U.K.-based multinational telecommunications company Vodafone is developing an Internet of Things-based tracking system geared toward protecting critical infrastructure. Earlier this year, reports surfaced that Vodafone was developing a drone-tracking system for unmanned aerial vehicles (UAVs) too small for conventional radar to detect. For those unfamiliar, the Internet of Things (IoT) is a relatively new term describing a network of electronic devices that share and collect online data.
The IoT devices in question that Vodafone is developing derive from the company’s entire network of smartphones and other devices capable of accessing the internet like tablets using the company’s SIM cards for data movement and categorization. Vodafone hopes to achieve the utilization of its wide-ranging network for detecting and monitoring rogue drones, and stop these UAVs from tampering, sabotaging, or infiltrating the integrity of critical infrastructure like power plants, prisons, airports, and factories (just to mention a few). The system is expected to be in place by the fall, mainly for timing-related purposes so the network can be marketed to prospective customers (mainly in the commercial sectors previously mentioned) that may be in desperate need of protecting various property locations.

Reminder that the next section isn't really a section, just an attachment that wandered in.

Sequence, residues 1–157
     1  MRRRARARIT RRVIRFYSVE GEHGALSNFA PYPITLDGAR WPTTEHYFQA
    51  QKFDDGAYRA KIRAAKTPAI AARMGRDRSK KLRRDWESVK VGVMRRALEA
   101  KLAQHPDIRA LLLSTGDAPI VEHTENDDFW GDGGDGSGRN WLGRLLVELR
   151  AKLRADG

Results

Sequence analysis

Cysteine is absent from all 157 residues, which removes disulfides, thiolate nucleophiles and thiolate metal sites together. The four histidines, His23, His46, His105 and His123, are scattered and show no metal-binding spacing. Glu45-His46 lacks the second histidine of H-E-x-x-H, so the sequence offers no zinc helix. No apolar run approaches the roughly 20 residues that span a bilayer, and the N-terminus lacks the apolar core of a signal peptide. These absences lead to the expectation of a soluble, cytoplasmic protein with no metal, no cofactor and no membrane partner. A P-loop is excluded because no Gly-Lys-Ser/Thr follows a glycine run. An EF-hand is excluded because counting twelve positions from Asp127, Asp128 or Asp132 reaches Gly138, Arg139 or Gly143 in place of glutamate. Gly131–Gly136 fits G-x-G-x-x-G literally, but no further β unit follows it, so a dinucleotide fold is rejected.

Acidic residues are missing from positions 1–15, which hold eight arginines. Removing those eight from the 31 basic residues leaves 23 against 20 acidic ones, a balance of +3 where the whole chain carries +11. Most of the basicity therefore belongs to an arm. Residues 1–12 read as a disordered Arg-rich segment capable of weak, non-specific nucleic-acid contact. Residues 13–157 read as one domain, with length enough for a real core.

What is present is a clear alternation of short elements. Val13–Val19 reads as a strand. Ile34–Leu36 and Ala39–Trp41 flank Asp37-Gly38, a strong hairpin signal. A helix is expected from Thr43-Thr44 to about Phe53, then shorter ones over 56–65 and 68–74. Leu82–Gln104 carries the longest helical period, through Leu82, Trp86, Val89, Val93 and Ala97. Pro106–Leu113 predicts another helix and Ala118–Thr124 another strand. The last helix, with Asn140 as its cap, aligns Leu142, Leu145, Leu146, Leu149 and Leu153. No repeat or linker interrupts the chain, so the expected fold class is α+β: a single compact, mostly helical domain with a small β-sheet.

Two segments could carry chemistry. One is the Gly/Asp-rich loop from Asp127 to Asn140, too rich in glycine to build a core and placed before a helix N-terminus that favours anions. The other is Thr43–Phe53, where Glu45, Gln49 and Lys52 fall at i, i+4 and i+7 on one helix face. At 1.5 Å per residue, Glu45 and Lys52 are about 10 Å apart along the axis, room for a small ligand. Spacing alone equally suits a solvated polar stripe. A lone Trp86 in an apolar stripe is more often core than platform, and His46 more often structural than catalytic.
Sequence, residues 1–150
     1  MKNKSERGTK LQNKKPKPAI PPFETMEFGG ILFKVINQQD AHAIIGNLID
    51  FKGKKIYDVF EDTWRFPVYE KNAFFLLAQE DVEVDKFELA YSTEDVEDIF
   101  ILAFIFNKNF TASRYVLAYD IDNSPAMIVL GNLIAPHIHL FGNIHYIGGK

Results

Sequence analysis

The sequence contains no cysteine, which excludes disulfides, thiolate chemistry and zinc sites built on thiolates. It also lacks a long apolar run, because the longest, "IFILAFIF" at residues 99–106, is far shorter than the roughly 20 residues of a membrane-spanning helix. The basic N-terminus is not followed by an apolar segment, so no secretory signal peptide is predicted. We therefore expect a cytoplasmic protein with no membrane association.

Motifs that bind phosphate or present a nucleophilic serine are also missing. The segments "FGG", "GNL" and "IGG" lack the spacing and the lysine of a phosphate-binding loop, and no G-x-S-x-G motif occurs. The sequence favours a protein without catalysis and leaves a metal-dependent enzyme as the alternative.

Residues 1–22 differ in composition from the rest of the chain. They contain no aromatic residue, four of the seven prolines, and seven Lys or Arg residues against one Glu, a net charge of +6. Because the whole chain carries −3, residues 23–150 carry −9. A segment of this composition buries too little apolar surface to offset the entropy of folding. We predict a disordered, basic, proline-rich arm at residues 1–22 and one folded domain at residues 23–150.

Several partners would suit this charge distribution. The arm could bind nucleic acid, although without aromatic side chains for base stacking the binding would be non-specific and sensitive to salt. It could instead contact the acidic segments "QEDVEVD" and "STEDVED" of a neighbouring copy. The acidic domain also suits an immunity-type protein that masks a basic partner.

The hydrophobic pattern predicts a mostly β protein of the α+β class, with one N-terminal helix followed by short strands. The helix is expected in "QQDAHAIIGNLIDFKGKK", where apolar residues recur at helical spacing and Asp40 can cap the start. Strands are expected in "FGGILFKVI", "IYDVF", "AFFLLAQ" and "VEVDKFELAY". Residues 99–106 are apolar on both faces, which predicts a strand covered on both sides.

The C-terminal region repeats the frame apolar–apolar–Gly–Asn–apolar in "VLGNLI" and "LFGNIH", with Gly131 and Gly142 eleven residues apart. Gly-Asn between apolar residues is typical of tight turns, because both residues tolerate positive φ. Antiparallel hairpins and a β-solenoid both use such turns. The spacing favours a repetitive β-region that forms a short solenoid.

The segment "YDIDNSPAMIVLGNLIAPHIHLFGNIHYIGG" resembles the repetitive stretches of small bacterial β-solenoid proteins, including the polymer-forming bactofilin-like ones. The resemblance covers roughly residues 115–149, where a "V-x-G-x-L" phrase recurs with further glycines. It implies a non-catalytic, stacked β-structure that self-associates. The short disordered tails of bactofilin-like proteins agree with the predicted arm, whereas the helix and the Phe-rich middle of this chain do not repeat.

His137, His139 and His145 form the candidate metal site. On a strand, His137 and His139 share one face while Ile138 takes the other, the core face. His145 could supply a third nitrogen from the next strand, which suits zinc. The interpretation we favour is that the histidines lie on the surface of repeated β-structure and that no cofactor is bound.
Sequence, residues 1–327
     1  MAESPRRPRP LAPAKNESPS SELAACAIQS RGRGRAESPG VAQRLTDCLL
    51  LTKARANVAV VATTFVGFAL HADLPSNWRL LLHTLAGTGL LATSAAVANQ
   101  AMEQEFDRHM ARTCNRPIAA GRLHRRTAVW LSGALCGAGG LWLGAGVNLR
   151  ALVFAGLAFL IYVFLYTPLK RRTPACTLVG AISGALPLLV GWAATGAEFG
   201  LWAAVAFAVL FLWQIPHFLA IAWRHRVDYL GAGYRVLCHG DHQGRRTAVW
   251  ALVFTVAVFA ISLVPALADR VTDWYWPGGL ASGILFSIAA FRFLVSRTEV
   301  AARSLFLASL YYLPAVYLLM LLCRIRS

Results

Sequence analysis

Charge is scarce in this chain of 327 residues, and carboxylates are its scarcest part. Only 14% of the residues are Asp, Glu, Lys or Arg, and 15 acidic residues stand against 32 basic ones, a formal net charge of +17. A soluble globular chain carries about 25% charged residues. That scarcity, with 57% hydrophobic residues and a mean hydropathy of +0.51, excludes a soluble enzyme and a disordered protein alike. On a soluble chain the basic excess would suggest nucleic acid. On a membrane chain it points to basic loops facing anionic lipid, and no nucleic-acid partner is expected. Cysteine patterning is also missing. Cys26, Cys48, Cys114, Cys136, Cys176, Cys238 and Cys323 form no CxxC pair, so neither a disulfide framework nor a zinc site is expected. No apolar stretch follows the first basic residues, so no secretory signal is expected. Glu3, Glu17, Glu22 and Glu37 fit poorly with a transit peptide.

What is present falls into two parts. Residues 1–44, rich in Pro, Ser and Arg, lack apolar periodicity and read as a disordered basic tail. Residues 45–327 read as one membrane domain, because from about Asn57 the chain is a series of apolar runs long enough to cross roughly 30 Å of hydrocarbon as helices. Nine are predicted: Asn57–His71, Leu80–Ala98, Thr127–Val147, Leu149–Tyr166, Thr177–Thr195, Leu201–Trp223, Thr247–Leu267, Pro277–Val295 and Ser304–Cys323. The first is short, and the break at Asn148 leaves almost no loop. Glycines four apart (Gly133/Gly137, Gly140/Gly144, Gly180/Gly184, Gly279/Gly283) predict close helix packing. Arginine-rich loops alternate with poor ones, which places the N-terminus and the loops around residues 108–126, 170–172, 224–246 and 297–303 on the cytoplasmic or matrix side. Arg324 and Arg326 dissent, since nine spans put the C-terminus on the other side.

As evidenced by the recent spike in news reports on rogue drones infiltrating the locations mentioned earlier, there is a heightened demand for an intricate universal solution to thwart such unwelcome aerial threats.
“Drones can pose security risks,” says Vodafone’s U.K. Head of Enterprise Anne Sheehan. “In the U.K., we’re developing Internet of Things drone tracking and safety technology in a number of locations where we have important infrastructure. We are now looking to use this technology to help our business customers in a bid to thwart drone incursions as sensitive locations. These could be energy installations, airports, prisons, military bases, and public events.”
The IoT-based drone tracking system is specifically rooted in software comprised of the U.K.’s CCTV cameras and sensors that utilize Vodafone’s data services. If a UAV is detected anywhere near the system, its presence triggers an alarm. Afterward, both Vodafone and the client will receive an alert of the intrusion. In addition to the person piloting the drone being located, the company in charge of the building’s security also receives a timely alert on what’s happening.
The logic of focusing on both the IoT and drone industry is fairly sound for Vodafone. The company’s executives and researchers have reportedly even met with multiple aviation authorities and agencies, trying to establish their network as a premier management outlet to help control and distinguish professional and amateur drone activity around the aforementioned institutions in the near future.
Filed Under: M2M (machine to machine)